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I would go for the starting motor. Its known as a lazy starting motor, when it gets warm and with age it wont restart the bike until it cools down. It has happened to me with cars and bikes.
Refurbish or replace...happy motoring
 

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2 cents worth. If that starter button is really good. (did you clean contacts?), then it could be solenoid. Clean contacts or turn them over and use other side (inside solenoid) to see if helps before buying starter.
 

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I'll check the solenoid. Went out riding this morning taking the same route and same speed as before when the problem started. It was about 60 degrees when I left and returned. No problems starting. I went out this afternoon and it would not start again. The temperature was 78. After sitting for about 20 minutes it started with no problems. The next time I go out I am going to take a volt meter with me and check the solenoid. I'll let you know what I find out. Thanks for all of the suggestions.
 

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Good morning all.

I had the same problem. Although mine is a GL1100 so I don't know if the starters are the same. Basically what was happening was when the starter warmed up from the engine heat the nose on the starter expanded from the heat. The brush mounting plate inside the nose lost contact with the starter nose and casing resulting in no electrical flow.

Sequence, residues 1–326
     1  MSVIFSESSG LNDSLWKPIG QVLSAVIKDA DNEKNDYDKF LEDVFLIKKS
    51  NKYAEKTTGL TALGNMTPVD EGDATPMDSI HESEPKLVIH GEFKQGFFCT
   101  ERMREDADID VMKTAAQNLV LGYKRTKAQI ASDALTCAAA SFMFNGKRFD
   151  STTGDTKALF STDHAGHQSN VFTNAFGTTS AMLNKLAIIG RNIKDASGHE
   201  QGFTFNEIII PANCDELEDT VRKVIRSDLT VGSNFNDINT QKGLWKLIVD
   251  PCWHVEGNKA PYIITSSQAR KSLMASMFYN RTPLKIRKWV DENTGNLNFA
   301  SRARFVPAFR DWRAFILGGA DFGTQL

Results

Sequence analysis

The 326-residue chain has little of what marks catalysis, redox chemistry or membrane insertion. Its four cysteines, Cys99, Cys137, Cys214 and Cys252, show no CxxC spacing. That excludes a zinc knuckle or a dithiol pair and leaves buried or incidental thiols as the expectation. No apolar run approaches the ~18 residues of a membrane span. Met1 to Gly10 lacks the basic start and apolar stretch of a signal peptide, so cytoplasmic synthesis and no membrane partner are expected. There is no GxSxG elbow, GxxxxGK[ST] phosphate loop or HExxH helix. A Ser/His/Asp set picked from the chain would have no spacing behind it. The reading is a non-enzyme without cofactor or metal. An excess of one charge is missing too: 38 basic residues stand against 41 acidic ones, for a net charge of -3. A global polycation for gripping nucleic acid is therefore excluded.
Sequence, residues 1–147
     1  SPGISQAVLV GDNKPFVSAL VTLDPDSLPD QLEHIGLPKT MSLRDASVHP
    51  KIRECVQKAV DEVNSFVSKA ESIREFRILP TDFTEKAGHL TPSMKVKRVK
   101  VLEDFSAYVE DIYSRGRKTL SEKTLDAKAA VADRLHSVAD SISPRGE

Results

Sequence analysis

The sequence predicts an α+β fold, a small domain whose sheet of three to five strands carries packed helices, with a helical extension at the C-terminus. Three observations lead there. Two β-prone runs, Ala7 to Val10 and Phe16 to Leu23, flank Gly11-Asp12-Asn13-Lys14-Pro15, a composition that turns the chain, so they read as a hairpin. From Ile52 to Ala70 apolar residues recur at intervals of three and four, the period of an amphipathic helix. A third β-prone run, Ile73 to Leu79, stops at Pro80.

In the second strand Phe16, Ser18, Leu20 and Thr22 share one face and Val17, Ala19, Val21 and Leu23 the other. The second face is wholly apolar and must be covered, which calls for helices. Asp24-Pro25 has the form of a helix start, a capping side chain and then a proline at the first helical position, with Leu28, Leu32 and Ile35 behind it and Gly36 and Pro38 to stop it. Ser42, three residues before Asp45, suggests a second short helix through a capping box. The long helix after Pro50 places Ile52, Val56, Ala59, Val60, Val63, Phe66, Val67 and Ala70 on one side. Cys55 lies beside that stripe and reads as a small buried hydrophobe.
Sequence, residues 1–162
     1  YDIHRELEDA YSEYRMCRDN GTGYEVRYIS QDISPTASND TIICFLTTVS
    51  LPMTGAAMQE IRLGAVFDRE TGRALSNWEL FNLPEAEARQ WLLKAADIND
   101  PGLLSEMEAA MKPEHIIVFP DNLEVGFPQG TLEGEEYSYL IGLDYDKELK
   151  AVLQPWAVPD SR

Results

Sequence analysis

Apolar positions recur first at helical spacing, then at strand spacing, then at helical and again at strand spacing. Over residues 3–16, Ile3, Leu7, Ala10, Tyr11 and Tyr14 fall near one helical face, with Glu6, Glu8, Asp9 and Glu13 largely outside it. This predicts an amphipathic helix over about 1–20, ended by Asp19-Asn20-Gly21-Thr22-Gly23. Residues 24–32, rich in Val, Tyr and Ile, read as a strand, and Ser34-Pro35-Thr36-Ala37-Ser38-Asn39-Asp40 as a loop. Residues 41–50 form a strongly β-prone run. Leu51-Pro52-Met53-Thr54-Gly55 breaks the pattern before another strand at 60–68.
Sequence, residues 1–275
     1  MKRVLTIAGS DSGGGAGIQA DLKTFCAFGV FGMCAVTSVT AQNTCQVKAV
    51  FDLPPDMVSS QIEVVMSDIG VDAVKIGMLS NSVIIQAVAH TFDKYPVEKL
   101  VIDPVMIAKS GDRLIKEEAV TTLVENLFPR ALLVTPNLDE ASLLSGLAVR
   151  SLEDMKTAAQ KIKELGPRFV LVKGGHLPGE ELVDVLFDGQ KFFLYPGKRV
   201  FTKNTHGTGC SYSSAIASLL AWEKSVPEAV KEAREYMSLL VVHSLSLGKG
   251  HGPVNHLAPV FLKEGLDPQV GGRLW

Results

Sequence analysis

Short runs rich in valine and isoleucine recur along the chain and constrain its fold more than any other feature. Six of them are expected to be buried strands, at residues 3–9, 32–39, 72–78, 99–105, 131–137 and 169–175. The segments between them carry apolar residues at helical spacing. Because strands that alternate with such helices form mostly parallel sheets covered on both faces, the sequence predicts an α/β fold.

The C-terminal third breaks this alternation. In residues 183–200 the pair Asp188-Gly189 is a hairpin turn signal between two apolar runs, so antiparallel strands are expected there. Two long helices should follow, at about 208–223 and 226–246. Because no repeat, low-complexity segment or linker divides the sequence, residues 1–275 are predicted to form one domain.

This is a design issue with the 1100s . I am not sure if the 1200 has the same design issue. I read in later years that Honda included a ground wire from the brush mounting plate to the starter body to resolve the issue.
I fixed mine myself by cleaning the starter. There are a few friction tabs on the brush mounting plate that had to be realigned to make constant contact with the starter casing and nose.
Recommend you check your starter design. You should be able to do that on line at a motorcycle parts webpage or down loading the parts manual for your model.
Doing the job yourself take a little time but it is not difficult. If you try it take your time and make a note of how parts come off so you get them back on the same way. Take pictures if you have to at each step.

Good Luck if you attempt it.

Brian
 

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Heres the latest update. I started to check the starter solenoid and as I was trying to pull it away from the side of the battery I heard a snap. It sounded like the connector locked in all of the way. I have been riding it for 3 days now and I haven't had any problems starting it. It's possible that it has been this way for quite a while and finally decided to loose connection. I appreciate all of the help in what to look for. I hope this helps someone in the future. It sure was a lot easier than pulling the starter apart.
 

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I still think you should take the solenoid apart and make sure that snap was not a post breaking inside. Mine was easy to take apart.